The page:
By Parkhurst, David
Nation's Cities Weekly , Vol. 27, No. 34
Buried within the hundreds of pages that comprise the stalled highway reauthorization bill is a proposed provision that, if passed into law, would preempt state and local authority to manage its public highway rights-of-way.
Preserving local control over public rights-of-way is a fundamental policy and advocacy principle for NLC. NLC and other national organizations representing local interests are working to defeat this onerous provision.
The proposed provision would amend a TEA-21 pilot program (Section 5117) for intelligent transportation infrastructure. Under the program, the U.S. Department of Transportation (DOT) contracted with a private provider of intelligent vehicle highway systems (IVHS) for measurement technology to aid in federal transportation planning. The initial deployment areas were Pittsburgh and Philadelphia. The program provided for DOT to extend the contract and make the IVHS measurement technology available for deployment to more than 40 eligible metropolitan areas.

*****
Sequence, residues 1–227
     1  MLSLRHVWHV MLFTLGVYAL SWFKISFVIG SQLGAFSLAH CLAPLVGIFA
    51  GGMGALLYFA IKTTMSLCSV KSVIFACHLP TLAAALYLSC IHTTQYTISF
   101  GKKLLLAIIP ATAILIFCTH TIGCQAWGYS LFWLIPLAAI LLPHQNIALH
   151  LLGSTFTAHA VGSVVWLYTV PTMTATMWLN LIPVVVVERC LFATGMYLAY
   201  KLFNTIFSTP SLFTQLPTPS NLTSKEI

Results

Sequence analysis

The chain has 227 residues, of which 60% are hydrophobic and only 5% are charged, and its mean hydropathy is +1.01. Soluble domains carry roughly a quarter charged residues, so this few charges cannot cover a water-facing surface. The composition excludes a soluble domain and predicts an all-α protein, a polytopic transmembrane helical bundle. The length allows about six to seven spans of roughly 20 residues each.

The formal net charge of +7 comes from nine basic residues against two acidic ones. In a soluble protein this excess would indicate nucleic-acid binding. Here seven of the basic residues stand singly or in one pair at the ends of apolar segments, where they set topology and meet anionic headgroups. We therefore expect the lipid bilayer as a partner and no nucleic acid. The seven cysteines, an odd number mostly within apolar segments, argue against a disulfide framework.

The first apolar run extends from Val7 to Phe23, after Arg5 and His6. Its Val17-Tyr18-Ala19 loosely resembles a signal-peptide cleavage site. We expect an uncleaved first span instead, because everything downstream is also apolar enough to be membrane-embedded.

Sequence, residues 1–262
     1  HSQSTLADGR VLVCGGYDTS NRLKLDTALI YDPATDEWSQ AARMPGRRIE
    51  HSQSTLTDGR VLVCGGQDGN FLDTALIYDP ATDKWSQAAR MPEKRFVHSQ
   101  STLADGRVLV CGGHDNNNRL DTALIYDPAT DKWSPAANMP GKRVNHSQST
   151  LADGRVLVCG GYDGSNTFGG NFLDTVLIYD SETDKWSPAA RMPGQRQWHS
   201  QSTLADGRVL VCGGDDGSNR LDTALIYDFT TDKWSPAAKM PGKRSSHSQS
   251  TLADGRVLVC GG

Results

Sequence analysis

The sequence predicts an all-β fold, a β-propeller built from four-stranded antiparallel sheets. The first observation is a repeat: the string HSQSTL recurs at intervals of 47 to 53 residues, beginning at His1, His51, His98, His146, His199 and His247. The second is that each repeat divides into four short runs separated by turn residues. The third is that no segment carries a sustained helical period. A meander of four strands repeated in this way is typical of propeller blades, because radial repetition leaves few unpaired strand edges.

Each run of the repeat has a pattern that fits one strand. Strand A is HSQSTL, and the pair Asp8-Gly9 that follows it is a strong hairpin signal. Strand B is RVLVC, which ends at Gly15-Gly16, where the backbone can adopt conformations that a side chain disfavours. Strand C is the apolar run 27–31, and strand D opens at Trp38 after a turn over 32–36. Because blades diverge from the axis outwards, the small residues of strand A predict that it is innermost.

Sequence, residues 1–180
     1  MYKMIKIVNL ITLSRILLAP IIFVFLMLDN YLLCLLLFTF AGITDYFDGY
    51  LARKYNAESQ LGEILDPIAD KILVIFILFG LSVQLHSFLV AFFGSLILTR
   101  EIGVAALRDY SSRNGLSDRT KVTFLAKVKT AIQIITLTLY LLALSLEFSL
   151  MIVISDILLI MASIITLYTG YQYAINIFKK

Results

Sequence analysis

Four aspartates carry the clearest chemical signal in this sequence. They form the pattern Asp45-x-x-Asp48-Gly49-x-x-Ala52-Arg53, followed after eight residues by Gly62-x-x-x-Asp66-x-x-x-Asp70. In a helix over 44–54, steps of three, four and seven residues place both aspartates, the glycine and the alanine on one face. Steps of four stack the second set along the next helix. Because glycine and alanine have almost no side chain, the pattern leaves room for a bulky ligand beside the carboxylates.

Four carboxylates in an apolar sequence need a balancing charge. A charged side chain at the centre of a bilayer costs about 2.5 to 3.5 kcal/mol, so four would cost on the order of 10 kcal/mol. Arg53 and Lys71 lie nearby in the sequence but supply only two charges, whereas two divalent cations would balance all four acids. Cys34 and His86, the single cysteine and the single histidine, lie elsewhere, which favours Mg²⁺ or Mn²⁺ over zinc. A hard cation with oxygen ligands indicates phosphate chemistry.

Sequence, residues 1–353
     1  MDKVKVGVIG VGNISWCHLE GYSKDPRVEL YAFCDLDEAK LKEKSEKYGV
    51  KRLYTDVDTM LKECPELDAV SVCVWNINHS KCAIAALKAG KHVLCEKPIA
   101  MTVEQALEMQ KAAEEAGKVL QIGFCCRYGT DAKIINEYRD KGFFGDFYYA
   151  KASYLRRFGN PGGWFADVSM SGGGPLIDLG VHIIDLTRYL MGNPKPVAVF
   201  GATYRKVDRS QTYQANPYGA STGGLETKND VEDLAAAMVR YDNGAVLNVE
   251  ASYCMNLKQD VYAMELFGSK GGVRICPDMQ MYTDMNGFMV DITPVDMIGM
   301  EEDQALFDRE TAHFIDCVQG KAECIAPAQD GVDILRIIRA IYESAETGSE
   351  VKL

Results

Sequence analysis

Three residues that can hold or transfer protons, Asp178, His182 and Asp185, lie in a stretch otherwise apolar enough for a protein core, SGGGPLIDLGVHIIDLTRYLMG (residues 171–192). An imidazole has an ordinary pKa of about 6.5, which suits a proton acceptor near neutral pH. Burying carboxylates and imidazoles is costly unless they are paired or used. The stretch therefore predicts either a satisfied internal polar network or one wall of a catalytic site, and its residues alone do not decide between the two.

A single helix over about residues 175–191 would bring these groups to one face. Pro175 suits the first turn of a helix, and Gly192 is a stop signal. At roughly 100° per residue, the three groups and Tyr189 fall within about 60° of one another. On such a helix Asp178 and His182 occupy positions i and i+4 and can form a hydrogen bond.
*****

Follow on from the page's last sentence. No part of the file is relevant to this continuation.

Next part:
The stalled highway bill would extend the program and expand its eligibility to the following metropolitan areas: Albany, N.Y.; Atlanta; Austin, Texas: Baltimore; Birmingham, Ala.; Boston; Burlington, Vt.; Charlotte, N.C.; Chicago; Cleveland; Columbus, Ohio; Dallas/Ft. Worth; Denver; Detroit; Greensboro, N. …